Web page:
social skills training and coping strategies that target
individual beliefs, behaviours and relevant social contexts.
Workplace psychosocial skills training has been shown to be
effective in reducing risky alcohol use in government
(Bennett, Patterson, Reynolds, Wiitala, & Lehman, 2004)
and administration (Snow, Swan, & Wilton, 2003), work
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settings and work-related stress in a variety of work settings
including administration, education, policing and health
(Czabala, Charzynska, & Mroziak, 2011; van der Klink,
Blonk, Schene, & van Dijk, 2001). Evidence also indicates
that even relatively brief psychosocial interventions targeting
alcohol (Cook, Hersch, Back, & McPherson, 2004) and work
stress (Shimazu, Umanodan, & Schaufeli, 2006) are effective
in workplace settings.
The intervention comprised two training modules deliv-
ered in two sessions (1 2 h and 1 1 h) over a 2-week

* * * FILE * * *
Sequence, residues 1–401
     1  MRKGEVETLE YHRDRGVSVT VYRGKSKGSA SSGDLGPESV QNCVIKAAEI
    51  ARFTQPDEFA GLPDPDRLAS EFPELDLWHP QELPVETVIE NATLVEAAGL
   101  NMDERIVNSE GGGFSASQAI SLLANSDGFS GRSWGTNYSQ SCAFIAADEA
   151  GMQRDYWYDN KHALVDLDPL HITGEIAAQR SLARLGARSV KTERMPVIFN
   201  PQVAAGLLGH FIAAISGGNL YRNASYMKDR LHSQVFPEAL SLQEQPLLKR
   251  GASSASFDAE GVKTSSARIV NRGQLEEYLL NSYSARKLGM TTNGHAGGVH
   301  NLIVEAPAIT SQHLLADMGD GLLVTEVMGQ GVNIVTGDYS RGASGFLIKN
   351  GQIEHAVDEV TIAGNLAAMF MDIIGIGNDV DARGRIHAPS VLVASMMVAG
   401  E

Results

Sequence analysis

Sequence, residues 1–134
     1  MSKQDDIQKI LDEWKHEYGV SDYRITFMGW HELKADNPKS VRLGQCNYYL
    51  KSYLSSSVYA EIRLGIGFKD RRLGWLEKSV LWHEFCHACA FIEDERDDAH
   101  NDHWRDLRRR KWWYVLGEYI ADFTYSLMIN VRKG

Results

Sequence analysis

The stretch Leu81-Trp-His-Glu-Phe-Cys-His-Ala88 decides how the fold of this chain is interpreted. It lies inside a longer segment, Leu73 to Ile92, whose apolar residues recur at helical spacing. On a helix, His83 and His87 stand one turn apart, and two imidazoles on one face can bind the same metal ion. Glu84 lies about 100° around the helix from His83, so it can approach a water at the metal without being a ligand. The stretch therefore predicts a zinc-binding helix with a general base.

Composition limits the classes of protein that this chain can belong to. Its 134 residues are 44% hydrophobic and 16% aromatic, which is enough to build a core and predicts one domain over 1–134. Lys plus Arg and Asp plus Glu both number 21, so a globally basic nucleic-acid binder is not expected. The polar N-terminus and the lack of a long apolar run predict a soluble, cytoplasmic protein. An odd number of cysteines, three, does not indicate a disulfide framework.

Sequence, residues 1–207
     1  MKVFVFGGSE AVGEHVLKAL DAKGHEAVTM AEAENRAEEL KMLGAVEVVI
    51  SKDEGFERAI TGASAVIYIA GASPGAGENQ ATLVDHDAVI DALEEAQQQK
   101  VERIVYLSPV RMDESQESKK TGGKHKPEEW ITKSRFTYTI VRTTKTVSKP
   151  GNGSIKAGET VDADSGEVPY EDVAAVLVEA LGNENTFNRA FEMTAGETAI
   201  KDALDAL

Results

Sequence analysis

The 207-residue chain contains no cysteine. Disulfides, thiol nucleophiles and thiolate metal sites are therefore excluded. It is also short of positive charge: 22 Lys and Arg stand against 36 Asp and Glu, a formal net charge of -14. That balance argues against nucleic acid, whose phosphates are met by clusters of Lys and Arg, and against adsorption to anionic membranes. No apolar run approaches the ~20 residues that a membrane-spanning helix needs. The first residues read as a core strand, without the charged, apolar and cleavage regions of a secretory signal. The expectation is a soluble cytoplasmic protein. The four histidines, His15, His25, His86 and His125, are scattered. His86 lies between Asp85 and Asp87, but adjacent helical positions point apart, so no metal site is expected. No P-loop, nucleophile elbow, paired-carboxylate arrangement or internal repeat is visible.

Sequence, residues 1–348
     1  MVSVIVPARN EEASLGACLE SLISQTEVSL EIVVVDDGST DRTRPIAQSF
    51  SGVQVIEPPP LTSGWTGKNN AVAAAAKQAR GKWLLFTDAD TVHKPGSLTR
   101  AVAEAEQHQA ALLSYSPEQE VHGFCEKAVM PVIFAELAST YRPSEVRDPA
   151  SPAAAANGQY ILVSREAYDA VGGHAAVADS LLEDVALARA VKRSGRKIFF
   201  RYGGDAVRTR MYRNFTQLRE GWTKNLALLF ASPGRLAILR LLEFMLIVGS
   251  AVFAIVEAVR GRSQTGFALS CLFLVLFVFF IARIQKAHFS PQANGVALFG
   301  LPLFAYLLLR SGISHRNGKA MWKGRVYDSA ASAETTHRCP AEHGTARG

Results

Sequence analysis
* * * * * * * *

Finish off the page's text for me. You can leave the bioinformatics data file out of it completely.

period. The first focused on enhancing coping and commu-
nication skills, and the second focused on understanding and
reducing risk of AOD-related harm (Table 1). Our initial
qualitative research indicated that work stress and bullying
were commonplace and that many workers had adopted
coping strategies that involved AOD use. To address this, the
intervention included practical exercises to assess individual
stress levels and practice alternative stress reduction tech-
niques. Talking to family, friends, co-workers and supervisors
about work-related issues were also identified by our research
as important coping strategies adopted by the more resilient
apprentices who participated in the focus groups. Thus, the
intervention also included practical exercises to improve
communication skills.
The initial research also found that trainees were largely